> NZ Minerals

> The National Library has a large collection of historic photographs of Thames.

All you wanted to know about
> chemistry used in gold mining.

Chemical data on Gold from:

> Chemical Elements
> ChemGlobe
> Scescape

Visit an Australian gold mining and exploration company operating a modern gold mine and developing mineral resources in Thailand:Kingsgate Consolidated Limited - Under the "contact" menu on this website you will find more useful links.

> History of Thames & New Zealand gold fields

> Geology of Thames gold field

> Educational Resources on the web

> Bibliography: includes student text books

> Additional Mining related activities in the area

> Download Goldmine Experience Student Activity Sheet (6-10yrs)

> Play Element Hangman!





Quantities of gold, like those of other precious metals, are measured in Troy ounces,
where 1 Troy oz = 1.097 Avoirdupois oz = 31.103 g.

The gold content of gold alloys is expressed in terms of fineness (parts of gold per 1000 parts of total metal) or in carats (parts of gold per 24 parts of total metal).


Most gold is used in jewellery, with lesser quantities for industrial purposes, bar hoarding for investment, and for coin and medallion manufacture. In jewellery and many other uses, gold is usually alloyed with small quantities of other metals to harden it and impart a specific colour.

The largest industrial use of gold is in the electric and electronic industries for plating contacts, terminals, printed circuits and semiconductor systems, but there is a wide range of other uses.

Gold is a common form of international payment and is used by some nations to back their paper currencies. Approximately one third of all the gold mined to date is held by national central banks and other official agencies such as the International Monetary Fund as a support for monetary systems. Large quantities of gold are also held by private banks and institutions for investment and security.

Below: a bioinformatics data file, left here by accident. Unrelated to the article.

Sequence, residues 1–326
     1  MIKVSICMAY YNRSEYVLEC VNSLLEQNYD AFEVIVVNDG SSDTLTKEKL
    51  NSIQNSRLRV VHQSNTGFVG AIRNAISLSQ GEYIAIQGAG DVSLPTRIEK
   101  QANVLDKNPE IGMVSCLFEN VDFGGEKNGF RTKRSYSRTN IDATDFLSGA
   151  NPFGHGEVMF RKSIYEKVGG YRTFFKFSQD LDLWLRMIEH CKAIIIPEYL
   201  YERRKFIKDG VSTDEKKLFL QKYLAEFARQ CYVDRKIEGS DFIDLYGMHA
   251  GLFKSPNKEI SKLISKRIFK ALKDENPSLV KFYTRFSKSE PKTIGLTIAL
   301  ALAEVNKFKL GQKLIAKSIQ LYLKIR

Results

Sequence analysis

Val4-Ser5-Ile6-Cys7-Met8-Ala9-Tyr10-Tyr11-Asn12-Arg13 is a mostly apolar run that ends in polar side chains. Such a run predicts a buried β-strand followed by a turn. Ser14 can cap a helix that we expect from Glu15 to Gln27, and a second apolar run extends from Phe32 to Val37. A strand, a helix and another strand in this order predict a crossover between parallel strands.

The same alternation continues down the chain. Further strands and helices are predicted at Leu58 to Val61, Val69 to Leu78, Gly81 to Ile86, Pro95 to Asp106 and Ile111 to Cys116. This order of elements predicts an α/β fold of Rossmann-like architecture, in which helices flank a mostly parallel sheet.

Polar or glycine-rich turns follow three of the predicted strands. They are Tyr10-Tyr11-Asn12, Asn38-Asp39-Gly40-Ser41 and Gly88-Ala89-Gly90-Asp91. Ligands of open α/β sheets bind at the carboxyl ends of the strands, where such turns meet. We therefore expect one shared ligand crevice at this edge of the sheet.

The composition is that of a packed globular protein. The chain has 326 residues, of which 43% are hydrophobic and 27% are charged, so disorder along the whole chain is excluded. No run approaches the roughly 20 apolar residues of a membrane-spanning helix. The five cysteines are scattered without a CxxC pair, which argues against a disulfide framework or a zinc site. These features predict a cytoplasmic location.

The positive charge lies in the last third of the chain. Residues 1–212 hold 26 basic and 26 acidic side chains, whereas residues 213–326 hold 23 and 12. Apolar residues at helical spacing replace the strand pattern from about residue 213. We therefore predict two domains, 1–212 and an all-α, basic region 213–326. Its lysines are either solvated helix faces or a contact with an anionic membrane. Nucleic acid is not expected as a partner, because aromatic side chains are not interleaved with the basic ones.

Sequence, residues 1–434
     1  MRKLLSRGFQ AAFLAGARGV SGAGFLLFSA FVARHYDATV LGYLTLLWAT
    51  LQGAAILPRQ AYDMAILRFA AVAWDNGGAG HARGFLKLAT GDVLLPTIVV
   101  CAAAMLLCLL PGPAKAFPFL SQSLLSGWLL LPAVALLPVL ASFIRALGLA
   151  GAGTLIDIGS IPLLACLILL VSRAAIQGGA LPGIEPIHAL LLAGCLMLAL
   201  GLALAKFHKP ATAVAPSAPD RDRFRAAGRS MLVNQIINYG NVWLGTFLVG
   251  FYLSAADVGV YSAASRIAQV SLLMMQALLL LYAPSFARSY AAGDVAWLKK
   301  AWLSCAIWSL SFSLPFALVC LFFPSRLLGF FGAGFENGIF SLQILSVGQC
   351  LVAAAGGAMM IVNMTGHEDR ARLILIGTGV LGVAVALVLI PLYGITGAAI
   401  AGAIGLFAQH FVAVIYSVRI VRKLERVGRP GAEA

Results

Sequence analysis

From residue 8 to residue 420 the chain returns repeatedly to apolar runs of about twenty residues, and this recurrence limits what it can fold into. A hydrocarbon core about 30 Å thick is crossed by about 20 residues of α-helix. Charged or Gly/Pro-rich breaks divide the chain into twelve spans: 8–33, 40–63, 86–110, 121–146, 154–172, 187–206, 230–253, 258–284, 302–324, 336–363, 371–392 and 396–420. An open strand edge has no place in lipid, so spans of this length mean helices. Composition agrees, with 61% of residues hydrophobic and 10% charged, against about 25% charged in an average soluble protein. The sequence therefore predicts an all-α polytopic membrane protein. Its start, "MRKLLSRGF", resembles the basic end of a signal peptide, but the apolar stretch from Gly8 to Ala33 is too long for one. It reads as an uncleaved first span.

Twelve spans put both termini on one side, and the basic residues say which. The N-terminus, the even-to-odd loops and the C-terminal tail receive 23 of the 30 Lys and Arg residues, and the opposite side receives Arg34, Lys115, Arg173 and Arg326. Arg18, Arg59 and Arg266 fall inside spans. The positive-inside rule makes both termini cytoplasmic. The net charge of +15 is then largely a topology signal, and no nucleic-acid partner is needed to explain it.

Gold differs from other metals in that the majority of the metal that was ever mined is still in existence. Cumulative world production to date is estimated at about 128,000 t.

South Africa is the world's leading mine producer of gold (522.4 t in 1995). Some 70 other countries produce gold in commercial quantities, including USA (329 t in 1995), Australia (253 t), Canada (150 t), Russia (142 t), China (136 t), Indonesia (74 t), Brazil (67 t), Uzbekistan (64 t), Papua New Guinea (55 t), Ghana (52 t) and Peru (52 t) (GFMS, 1996).

Total world gold supply in 1995 was 3,622 t: 2,272 t from mine production, 201 t from net official sales from national stocks, 602 t from recycling gold scrap, and 548 t from forward sales and option hedging by mining companies (GFMS, 1996).


text excerpted from > NZ Minerals website